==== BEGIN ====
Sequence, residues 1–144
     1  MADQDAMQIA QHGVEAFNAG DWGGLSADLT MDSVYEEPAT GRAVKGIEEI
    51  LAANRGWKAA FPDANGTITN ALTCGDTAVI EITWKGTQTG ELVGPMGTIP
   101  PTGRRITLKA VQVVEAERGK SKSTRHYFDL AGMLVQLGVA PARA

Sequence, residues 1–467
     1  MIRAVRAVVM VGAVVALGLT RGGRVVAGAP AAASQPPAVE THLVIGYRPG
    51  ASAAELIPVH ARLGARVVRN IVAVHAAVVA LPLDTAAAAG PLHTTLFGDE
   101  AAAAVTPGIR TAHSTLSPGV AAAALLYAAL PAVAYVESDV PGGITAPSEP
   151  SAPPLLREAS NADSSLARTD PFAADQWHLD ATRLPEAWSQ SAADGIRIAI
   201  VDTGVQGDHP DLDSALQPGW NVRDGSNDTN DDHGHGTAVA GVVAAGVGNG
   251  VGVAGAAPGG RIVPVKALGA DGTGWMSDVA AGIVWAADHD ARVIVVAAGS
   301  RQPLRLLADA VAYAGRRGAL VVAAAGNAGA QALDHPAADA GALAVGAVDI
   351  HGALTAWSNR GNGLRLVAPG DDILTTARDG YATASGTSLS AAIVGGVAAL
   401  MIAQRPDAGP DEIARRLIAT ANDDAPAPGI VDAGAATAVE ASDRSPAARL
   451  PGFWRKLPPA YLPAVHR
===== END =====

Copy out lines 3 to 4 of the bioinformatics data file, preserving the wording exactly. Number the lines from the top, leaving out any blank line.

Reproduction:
    51  LAANRGWKAA FPDANGTITN ALTCGDTAVI EITWKGTQTG ELVGPMGTIP
   101  PTGRRITLKA VQVVEAERGK SKSTRHYFDL AGMLVQLGVA PARA